Columbus - 
Members of the General Assembly returned to the Statehouse recently to take action on a series of landmark reforms to Ohio's five public pension systems, seeking to strengthen and protect retirement benefits for nearly 1.8 million Ohioans.

Ohio has five state retirement systems - the Public Employees Retirement System, the Police and Fire Pension Fund, the Service Employees Retirement System, the State Teachers Retirement System and the State Highway Patrol Retirement System. By law, each system is required to be able to meet their obligations within a 30-year timeframe. The struggling economy, combined with rising health care costs and the fact that retirees are living longer made it necessary for the systems to make adjustments in order to meet their obligations.

As a result, the boards of the pension systems came up with a series of recommendations to ensure their long-term stability. These changes cover a variety of areas, including how benefits are calculated and retirement eligibility requirements, and are phased in over a period of years in order to minimize the impact on members who are close to retirement age. These adjustments are estimated to save the pension plans millions of dollars per year and maintain their ability to offer healthcare and other benefits to members.

Each system addressed their responsibilities a little differently so as to best meet the needs of its members. The five bills approved by my colleagues and I are the result of years of work, and include only those changes supported by the systems' boards, members and stakeholders. It was especially important to me that the alterations do not rely on additional taxpayer support and were passed with strong bipartisan support.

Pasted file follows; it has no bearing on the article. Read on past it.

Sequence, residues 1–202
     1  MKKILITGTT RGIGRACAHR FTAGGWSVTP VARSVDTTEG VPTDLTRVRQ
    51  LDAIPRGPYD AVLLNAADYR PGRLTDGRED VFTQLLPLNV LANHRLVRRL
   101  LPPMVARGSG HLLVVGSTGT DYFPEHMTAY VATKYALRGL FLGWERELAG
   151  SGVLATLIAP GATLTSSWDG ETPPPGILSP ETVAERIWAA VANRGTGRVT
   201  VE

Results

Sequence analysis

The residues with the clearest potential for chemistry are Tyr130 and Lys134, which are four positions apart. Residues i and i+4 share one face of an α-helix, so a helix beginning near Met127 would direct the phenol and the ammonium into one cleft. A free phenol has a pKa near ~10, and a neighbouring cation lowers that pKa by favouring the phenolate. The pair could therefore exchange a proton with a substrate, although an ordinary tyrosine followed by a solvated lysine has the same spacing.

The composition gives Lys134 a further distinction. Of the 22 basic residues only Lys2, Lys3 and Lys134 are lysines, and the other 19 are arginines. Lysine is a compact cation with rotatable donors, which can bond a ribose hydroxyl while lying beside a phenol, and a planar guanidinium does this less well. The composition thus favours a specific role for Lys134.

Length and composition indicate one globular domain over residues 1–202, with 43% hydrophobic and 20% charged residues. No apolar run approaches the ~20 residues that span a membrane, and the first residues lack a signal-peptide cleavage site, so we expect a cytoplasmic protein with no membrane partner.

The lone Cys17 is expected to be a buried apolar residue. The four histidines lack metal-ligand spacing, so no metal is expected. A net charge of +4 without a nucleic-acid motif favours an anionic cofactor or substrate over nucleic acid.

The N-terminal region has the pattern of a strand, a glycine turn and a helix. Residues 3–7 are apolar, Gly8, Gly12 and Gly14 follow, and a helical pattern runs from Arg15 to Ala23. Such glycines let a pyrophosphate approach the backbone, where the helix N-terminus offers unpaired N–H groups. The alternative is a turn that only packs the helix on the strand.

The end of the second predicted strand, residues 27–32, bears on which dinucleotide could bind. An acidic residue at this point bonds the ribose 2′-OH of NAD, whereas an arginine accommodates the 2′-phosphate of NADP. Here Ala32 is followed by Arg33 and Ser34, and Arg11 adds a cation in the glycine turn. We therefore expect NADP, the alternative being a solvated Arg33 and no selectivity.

The Ohio Senate approved the pension reform package in May, and members of the Ohio House of Representatives spent much of the summer holding hearings on the issue and gathering feedback from interested parties. In July, an actuarial report commissioned by the Ohio Retirement Study Council (ORSC) issued a report that found Ohio's pension system structure is solid, but changes beyond what was recommended by the boards may be necessary in the future.

Moving forward, ORSC and members of the Legislature will continue to work collaboratively with the pension systems to pinpoint other areas where changes are needed in order to ensure the long-term stability of the pension plans and preserve the benefits that more than 400,000 current retirees depend on each month.

As always, please do not hesitate to contact my office if you have questions or concerns about any of the matters we are discussing at the Statehouse. You can reach my office by phone at (614) 466-8156, by e-mail at or by writing State Senator Bob Peterson, Ohio Statehouse, 1 Capitol Square, Columbus, OH 43215.
Senator Peterson represents the 17th Ohio Senate District, which encompasses Clinton, Fayette, Gallia, Highland, Jackson, Pike, Ross and Vinton counties and portions of Lawrence and Pickaway counties. For more information, please visit
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